Bagpipers led Choose Respect marchers in Anchorage today. The annual event is aimed at heightening awareness of Alaska’s blight of sexual assault while gathering support for the state administration’s campaign against domestic violence.
The march kicked off at noon. Alaska Lieutenant Governor Mead Treadwell, Senator Lisa Murkowski, and other state and city notables led the march, all helping to hold a Choose Respect banner the three blocks to the city’s Town Square. They were joined by church and civic groups, and city workers spending their lunch break for a cause
The North wind was biting, the temperatures low, and the mood somber in light of the recent death of a Hooper Bay woman at the hands of an abuser. Treadwell told rally goers at the finish of the march that Alaska’s epidemic of domestic violence and sexual assault will end when the silence protecting abuse ends. Treadwell spoke at a podium overlooking what is normally the square
“And I want to live in a generation where we don’t hide domestic violence, sexual assault, these issues in the family, in our families, in our homes any longer. That we bring it out in the open, that we work with the social services. And you know, if that happens, our numbers may go up, before they go down. We may feel worse before we get better, but we are gonna get better, and that’s what I know, that you coming out today, is going to help make happen. “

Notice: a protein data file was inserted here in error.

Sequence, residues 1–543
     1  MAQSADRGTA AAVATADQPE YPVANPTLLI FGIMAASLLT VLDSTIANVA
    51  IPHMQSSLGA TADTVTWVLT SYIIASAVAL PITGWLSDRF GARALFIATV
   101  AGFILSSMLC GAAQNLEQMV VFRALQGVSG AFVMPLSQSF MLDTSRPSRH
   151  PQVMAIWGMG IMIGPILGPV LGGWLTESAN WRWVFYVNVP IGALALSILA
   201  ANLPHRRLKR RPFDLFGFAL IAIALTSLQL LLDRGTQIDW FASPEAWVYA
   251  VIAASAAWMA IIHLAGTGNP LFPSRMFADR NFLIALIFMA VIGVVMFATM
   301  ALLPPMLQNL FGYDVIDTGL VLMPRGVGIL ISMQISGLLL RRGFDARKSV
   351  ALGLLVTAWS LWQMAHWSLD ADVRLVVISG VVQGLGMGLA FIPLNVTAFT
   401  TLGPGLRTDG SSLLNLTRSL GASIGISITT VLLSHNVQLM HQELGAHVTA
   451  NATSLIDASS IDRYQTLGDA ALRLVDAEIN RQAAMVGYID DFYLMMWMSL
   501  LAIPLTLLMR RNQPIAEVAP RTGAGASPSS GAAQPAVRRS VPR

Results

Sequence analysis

Senator Murkowski added her remarks shortly afterwards. Before taking the podium, Murkowski has been approaced by Alaska Native activist Desa Jacobson, who protested that funds spent on the rally would have been better spent on rural village protection. Murkowski alluded to the incident, saying that she was ashamed that Alaska leads the nation in violence against women
“I am ashamed that we are the rape capitol of the nation. Everything that we are doing is reactive. It’s after the fact. It’s after these women and these children have been violated, It’s after their lives have been ruined. Because long after that perpetrator has served his time, or paid his fine, or moved on with his life, that woman, that victim is living with that trauma for the rest of her life.. if she’s alive. “
Despite the cold, marchers waved colorful signs, the sun came out and free coffee and sandwiches were offered. But the crowd was reminded of the rally’s grim purpose, when a young Juneau woman, introduced only by her first name, Connie, gave a first hand account of her efforts to escape an abusive marriage.
“For me, in my situation, an inquisitive person told me ‘that’s not normal in a marraige.’ That statement started me on a path towards ending my rationalizations. These are rationalizations that said, for over ten years ‘he didn’t really mean to say that to me. He’ll get better, and if I just do more of anything, if I just cook more, if I just work harder, things will change.’ I told myself to cope. Statistics show that the rate of intimate partner homicides goes up dramatically if a person threatens to kill themselves, threatens to kill somebody else, or they use a weapon in an altercation. I’m here to say today that I rationalized all three of these situations away, in my story.”
Treadwell told the group that silence about domestic violence only condones it. He said choosing respect means getting involved – and he askedthe crowd to make a pledge
“You can repeat after me. I pledge never to commit, condone, or remain silent about violence against women, men, children, the elderly and the vulnerable. So help us God. Thank you very much.”